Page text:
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Senioritis. It is real. In high school, I didn’t believe it existed, and then about halfway through my senior year in high school I felt something like nothing I had never experienced before. Boredom in its rawest form. I had already decided that I was done with school. I love school and learning, but after senioritis kicked in, everything felt monotonous. I think it was the promise of adventure in the future. In high school, I had college to look forward to.

Now, I have the real world to look forward to. That is equally exciting and terrifying. In a few short days, I’ll know if I’ll be teaching in Japan this fall.

But until then, I have more than enough homework to keep me occupied. Actually, I have a big presentation at an academic conference coming up. So I’m going to keep this post short and sweet so I can focus on other items of importance. (Or procrastinate my way through Easter Break by playing video games to ease the pain of my senioritis.) Don’t think this is a goodbye post.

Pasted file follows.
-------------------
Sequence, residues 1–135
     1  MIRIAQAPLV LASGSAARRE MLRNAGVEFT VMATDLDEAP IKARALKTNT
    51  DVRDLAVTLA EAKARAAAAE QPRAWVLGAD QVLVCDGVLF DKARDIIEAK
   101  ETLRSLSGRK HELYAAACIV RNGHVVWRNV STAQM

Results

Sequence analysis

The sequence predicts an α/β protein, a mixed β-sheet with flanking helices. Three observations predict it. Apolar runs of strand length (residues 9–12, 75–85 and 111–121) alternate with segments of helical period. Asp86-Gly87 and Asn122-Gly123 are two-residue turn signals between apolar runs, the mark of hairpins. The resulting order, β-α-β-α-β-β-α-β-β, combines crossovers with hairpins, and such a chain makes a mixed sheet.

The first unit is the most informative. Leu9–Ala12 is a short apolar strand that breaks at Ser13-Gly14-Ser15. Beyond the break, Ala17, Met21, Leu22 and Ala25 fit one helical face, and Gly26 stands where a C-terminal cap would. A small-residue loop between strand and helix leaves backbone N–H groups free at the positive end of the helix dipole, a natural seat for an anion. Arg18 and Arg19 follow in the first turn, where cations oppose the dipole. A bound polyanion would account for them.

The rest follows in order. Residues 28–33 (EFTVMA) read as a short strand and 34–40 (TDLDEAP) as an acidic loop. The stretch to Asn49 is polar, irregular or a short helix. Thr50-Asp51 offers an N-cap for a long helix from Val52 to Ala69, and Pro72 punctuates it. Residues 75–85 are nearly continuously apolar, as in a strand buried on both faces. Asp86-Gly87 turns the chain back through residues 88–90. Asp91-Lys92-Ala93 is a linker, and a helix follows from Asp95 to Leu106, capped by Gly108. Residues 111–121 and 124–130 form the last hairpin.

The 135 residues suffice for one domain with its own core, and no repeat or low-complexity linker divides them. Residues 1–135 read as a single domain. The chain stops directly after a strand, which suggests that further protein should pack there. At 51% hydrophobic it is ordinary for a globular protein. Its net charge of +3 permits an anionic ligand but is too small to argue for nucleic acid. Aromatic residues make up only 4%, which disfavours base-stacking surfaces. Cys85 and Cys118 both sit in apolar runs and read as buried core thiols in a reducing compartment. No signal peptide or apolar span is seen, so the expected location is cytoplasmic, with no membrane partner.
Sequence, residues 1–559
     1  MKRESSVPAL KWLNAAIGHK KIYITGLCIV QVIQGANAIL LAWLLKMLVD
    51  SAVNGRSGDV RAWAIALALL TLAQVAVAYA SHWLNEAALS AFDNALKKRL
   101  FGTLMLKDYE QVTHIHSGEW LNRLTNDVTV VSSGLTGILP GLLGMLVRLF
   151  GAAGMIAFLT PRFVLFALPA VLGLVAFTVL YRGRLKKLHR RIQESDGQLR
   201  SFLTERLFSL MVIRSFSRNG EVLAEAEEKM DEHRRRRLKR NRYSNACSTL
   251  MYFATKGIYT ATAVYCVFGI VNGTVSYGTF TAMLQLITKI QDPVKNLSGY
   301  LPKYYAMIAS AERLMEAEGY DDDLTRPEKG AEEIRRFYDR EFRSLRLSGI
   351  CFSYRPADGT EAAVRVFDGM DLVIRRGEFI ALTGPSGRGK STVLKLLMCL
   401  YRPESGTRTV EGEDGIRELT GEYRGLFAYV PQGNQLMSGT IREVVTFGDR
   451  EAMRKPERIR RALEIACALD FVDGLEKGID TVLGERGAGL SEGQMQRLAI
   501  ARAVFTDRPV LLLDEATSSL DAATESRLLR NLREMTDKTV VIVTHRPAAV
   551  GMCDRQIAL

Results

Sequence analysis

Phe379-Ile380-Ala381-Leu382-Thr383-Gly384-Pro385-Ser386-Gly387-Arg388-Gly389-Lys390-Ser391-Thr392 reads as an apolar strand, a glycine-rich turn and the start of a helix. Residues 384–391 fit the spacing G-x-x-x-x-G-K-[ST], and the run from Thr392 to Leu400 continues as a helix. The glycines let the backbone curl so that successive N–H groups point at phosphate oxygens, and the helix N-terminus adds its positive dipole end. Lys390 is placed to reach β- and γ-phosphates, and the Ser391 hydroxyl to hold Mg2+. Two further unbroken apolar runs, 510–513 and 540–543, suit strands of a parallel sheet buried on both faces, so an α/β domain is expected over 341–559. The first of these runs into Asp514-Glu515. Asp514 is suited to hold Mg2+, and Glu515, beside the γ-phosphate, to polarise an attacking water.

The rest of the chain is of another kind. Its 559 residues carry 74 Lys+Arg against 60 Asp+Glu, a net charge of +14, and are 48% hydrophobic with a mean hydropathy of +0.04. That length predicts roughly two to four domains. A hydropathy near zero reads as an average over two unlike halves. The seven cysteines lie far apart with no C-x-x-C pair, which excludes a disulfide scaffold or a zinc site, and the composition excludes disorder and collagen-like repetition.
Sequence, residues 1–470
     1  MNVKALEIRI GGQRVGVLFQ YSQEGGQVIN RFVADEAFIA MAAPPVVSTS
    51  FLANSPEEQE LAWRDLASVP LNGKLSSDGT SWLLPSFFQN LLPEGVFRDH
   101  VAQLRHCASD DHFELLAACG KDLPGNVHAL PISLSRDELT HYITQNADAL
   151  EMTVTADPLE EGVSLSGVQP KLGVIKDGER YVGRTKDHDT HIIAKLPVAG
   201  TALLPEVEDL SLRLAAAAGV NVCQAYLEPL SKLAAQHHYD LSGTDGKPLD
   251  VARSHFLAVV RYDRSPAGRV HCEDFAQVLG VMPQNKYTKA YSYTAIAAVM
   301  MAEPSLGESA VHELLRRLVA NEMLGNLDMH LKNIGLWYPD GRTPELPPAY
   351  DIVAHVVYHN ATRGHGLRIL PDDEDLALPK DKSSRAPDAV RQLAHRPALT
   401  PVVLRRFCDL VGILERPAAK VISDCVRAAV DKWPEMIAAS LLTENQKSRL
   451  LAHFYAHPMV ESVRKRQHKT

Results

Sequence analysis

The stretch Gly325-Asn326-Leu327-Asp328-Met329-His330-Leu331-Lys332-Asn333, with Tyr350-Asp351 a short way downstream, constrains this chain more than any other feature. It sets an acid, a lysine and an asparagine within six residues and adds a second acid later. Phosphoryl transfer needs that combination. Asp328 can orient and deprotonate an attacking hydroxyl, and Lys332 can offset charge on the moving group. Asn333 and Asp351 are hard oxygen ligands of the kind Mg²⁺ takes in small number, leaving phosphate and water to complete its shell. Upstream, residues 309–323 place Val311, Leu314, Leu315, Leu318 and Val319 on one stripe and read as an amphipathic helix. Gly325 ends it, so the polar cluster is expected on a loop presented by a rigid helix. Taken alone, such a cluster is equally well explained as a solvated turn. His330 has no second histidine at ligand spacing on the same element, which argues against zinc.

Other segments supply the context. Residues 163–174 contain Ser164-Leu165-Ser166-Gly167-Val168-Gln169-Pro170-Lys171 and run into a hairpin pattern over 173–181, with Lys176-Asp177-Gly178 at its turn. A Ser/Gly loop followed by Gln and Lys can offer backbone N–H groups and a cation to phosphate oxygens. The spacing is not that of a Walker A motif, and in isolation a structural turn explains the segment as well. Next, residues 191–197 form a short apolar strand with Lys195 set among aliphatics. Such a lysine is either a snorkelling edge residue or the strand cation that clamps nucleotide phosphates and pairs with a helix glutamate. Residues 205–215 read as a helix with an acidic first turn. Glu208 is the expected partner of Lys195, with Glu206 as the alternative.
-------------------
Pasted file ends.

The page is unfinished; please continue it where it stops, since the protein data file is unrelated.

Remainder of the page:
I’m a little late on the draw, but I would like to officially announce my theme for the A to Z Blogging Challenge. I missed the official theme reveal because of a particularly rough week at school, but better late than never, right?

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A big part of my life was and always has been my online life. I’ve decided to talk a little bit about my personal writing. In this 26 day challenge, I plan to introduce 26 of my retired roleplaying characters; maybe I’ll even make an effort to revamp them after this. I really like the idea of revisiting characters from my past.

I hope everyone has had a wonderful Spring Break/Easter Break. For all my fellow students, power through until the end.

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Home Sweet H-…where am I again?